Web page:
• Diminishment of those laws and/or institutions of government thought to impede free enterprise, and the enlargement of others thought of as defending the national interests.
  • Growing national debt due to limiting taxation while increasing costs of military armament and foreign adventurism, including significant off-budget spending.
  • Corporations writing their own regulations and enjoying other, non-publically disclosed privileges within the processes of government.
  • Unwillingness of corporations and the wealthy to invest in repair of the nation’s infrastructure.
  • Erosion of public confidence in the institutions of government.
  • Deep, intransigent political divisions.
  • A breakdown of the division between church and state.
  • Redrawing homogenous White voting districts favoring the ideology.
  • Efforts to disenfranchise the minority vote.
  • Great and growing disparity in wealth distribution.
  • Lack of civic dialogue concerning many issues.
  • Big money controlling elections and public policy.
  • The poor (often minorities)stereotyped as lazy and criminal.
  • Racial profiling in law enforcementand an intolerant judicial system.
  • A greater sense of hopelessness among the nation’s poor and lower income people.
  • Elitism and authoritarianism.
  • Denying science or information thought to threaten free enterprise and/or religious beliefs.
  • A recent near global economic collapse as a result of removing certain legislated controls (i.e. Glass-Stiegel Act) over the financial markets.
  • Growing dependency on social services whileCongress cuts related funds.
  • Using taxes to rescue financial institutions that have become too powerful to fail.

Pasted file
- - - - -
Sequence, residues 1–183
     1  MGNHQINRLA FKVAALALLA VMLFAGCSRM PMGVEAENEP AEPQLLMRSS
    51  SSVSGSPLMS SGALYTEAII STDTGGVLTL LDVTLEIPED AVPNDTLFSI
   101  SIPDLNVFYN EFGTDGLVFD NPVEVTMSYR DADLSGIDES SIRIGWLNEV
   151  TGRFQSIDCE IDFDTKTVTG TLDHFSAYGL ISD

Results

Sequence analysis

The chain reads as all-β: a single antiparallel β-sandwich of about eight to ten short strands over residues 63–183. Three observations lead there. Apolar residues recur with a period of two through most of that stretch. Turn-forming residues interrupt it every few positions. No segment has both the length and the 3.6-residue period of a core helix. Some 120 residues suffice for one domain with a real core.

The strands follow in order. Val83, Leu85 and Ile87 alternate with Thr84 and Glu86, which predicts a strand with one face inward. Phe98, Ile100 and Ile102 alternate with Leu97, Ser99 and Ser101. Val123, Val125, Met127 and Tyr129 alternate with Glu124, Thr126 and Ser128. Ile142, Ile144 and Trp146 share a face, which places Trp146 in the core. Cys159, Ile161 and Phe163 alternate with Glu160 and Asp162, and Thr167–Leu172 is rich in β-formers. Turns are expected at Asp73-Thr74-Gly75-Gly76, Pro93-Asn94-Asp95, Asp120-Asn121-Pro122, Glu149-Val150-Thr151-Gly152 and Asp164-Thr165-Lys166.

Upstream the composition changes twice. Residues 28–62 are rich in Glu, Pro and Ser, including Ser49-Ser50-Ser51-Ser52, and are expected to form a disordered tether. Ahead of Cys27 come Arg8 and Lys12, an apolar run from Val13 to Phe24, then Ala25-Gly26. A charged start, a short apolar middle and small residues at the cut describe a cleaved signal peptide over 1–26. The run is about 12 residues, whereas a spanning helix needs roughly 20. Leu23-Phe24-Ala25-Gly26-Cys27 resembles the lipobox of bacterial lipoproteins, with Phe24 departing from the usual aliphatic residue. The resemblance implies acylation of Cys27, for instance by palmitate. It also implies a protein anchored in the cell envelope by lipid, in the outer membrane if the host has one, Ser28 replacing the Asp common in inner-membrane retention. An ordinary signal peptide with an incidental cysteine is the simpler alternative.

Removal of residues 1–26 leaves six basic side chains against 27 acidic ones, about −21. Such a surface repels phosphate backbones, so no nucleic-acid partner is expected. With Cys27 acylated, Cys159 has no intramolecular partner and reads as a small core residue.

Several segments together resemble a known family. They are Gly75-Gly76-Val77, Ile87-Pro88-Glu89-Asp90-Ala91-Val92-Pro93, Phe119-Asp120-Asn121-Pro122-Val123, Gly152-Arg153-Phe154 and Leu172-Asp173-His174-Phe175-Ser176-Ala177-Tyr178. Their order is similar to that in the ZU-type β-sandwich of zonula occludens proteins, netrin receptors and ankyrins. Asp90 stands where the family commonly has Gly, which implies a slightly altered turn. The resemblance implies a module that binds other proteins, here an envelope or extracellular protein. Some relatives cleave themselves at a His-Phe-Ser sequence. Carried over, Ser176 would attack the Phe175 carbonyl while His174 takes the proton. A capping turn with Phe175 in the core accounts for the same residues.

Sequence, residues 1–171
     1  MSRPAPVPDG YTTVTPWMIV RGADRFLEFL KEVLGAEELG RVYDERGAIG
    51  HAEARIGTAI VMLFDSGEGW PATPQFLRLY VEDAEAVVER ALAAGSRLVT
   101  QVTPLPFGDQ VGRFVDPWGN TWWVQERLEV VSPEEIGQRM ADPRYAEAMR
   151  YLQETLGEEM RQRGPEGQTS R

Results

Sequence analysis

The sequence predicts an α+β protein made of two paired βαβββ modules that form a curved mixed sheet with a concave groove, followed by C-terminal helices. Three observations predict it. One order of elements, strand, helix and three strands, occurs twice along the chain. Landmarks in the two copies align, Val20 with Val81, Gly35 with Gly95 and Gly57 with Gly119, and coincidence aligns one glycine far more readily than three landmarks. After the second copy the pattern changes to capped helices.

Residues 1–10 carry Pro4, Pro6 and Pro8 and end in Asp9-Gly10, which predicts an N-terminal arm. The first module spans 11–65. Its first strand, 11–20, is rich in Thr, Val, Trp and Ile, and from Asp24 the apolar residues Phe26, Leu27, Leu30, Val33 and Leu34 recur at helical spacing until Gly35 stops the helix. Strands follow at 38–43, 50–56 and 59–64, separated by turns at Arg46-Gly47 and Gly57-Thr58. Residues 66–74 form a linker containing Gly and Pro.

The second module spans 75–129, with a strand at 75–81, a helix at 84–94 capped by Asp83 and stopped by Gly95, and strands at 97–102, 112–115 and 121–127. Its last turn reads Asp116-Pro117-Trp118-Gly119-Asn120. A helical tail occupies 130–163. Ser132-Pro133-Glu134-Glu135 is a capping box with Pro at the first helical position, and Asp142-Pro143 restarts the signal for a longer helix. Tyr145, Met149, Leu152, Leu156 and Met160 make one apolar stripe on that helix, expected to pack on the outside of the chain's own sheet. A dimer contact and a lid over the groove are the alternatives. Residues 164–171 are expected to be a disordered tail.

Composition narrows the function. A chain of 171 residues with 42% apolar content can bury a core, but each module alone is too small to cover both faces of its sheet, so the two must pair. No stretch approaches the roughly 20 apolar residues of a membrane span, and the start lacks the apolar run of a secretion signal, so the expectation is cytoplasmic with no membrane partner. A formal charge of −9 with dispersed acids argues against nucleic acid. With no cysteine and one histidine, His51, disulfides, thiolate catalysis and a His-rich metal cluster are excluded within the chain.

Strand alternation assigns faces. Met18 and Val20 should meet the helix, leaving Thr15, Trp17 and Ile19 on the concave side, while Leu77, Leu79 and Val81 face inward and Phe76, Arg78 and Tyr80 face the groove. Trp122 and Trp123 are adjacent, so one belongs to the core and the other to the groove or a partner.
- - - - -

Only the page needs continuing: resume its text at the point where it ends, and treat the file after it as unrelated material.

• Corporations gaining the same standing as citizens, including religious preference, which allows personal interpretations of biblical law to supersede national law.
  • Unchallenged corporate welfare.


Wrapping an ideology in the flag and rationalizing it with narrowly drawn, self-serving interpretations of the Bible and/or the Constitution can lead to an electorate dangerously akin to religious fanaticism; in this case, one driven by nationalism and misguided ideals of “freedom”and “free enterprise.” Fear of “them” is incorporated in the message as a way to heighten loyalty to the core values purportedly being defended.This is the process of myth building, a process designed to serve the interests of a few who desire power over the many.

History is full of examples, many that still influence human culture and society today. It is a process for separating, not uniting us, and for gaining blind loyalty to a power system, be it political, religious, or corporate.

With several decades of an ever growing network of information designed to serve this ideology already behind us, coupled with a no holds barred political agenda to gain control of both state and federal governments, an electorate has been created that may be incapable of seeing issues other than through a mentality of fear and distrust. There is little or no sense of inclusion. Both national and international issues are presented with a patriotic flare of “us versus them.” International matters are to be addressed through a show of unilateral military strength when necessary, not through negotiation and international cooperation, while solutions to national issues include the sealing of our borders, incarcerating offenders under increasingly rigid law enforcement, and denying social services (both governmental and private) which, in the view of this electorate, do not comport with religious doctrine and/or the rules of free enterprise (it’s up to the individual, not society, to succeed or fail).